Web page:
Camille A. Brown makes historic moves with ‘Jesus Christ Superstar’

Zita Allen | 6/21/2018, midnight
When some 6 million viewers tuned in to watch John Legend as Jesus Christ, Brandon Victor Dixon as Judas, Sara ...
Camille A. Brown Wikipedia

When some 6 million viewers tuned in to watch John Legend as Jesus Christ, Brandon Victor Dixon as Judas, Sara Bareilles as Mary Magdalene and Alice Cooper as King Herod in NBC’s production of the Andrew Lloyd Webber-Tim Rice rock musical “Jesus Christ, Superstar” a few weeks ago, they also had an opportunity to see the magnificent work of the talented young African-American choreographer/dancer, Camille A. Brown.

Although this talented artist was not included in the recently announced Tony Nominations for Best Choreography for her work on the Broadway show “Once on This Island,” she has been blessed with nominations for the Outer Critics Circle, Drama Desk and Chita Rivera awards for that show.

No worries. This young, gifted and Black woman’s star is on the rise with a number of exciting showcases for her talent on the horizon, including a production of “The Wiz,” set to play St. Louis June 19 to June 25 at The Muny theater, followed by another Broadway show, “Ain’t No Disco,” slated to begin previews June 29 and open June 24 at the Atlantic Theater.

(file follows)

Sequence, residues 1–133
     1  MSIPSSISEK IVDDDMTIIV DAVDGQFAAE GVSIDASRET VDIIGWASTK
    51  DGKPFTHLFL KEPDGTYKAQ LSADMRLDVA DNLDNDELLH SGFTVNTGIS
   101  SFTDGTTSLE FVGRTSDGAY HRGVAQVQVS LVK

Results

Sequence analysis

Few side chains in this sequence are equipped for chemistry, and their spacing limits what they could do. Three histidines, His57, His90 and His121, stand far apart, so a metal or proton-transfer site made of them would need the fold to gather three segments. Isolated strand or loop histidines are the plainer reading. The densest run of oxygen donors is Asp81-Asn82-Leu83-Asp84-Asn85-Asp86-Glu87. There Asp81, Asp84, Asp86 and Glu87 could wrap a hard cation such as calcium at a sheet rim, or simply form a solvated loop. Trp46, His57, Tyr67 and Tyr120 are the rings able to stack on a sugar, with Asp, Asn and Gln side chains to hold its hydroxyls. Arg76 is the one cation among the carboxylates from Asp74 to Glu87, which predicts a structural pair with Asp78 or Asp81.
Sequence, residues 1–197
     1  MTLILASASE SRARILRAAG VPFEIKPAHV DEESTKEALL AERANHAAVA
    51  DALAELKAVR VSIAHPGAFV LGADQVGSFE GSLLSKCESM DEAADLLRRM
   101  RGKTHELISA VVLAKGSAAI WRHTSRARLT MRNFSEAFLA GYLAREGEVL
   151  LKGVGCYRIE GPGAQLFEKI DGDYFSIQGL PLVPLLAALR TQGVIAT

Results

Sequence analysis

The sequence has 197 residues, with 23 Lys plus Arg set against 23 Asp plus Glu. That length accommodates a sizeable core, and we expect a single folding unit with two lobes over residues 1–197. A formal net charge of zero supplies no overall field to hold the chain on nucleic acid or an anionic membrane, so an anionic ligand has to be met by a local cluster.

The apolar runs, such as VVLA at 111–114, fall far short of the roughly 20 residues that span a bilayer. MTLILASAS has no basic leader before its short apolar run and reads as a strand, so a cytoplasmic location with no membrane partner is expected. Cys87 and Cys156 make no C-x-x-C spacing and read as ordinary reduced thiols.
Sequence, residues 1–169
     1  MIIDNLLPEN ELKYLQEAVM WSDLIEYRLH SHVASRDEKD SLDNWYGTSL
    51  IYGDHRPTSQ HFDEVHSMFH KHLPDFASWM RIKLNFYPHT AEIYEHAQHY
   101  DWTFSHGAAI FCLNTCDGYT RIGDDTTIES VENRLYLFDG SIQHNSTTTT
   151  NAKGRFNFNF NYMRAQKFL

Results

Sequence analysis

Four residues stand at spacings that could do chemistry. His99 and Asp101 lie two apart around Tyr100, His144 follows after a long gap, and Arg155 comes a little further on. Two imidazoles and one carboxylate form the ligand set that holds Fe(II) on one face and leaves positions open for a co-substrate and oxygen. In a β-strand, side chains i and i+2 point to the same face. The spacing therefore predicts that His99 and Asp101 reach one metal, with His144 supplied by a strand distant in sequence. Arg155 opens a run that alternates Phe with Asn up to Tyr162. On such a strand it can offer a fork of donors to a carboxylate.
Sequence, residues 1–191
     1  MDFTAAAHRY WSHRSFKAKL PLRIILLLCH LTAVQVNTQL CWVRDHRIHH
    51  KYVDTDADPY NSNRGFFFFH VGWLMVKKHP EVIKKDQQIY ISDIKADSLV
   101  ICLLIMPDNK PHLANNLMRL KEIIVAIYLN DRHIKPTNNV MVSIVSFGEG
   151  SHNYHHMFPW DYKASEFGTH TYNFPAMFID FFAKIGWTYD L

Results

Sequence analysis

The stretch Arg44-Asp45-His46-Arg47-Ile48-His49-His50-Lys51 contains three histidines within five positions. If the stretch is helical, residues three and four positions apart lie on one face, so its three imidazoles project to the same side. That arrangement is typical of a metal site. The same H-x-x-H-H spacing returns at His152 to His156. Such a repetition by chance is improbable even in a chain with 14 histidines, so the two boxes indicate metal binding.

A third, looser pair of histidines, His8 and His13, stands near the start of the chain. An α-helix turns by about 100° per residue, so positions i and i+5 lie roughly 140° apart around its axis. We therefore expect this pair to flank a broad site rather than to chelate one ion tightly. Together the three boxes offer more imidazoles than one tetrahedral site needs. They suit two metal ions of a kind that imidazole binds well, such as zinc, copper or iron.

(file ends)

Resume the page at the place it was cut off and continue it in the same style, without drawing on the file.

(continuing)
When the Amsterdam News spoke to Brown recently, she was still pinching herself and counting her blessings after working on this major TV production depicting Christ’s last day before the crucifixion. As the youngest and only African-American female on the creative team behind a production one producer called “iconic” and another identified as “a great rock passion play,” Brown’s innovative and invigorating take on the dance numbers was a perfect fit that both highlighted and supported the dominant narrative of one of the greatest stories ever told. Needless to say, one has to have it together to do that for a live production that included 500 crew members, 33 musicians and 44 cast members—and a live audience of 1,300—in Brooklyn’s National Guard Armory in Williamsburg. Talk about a challenge!

Before the show aired, Brown told one reporter, “I’m having so much fun. This is one of the best experiences that I’ve had as a choreographer and collaborator. The energy is so good. In a lot of experiences, the focus is to get the work and to get things done. I’m focusing on that, but I’m also enjoying the process and that is something that is very special to me.”

Brown’s Facebook post before the show aired reflected her excitement as it offered folks a glimpse of the performance directed by David Leveux and also spotlighted her associate choreographer, Rickey Tripp, and her assistant choreographer, Mayte Natalio.

Now that the broadcast is over, Brown has time to reflect on the show that will surely be remembered as a major milestone in a career that is clearly ascendant. Because it wasn’t something she was pursuing, Brown said that when she met with the director, she thought he was going to ask her to audition but he wanted her to choreograph the show. “When I first accepted the meeting,” Brown said, “I thought, ‘Well, that’s never going to happen. I’ll never get this job,’” Apparently the director had seen some of her concert work and been following her for a couple of years.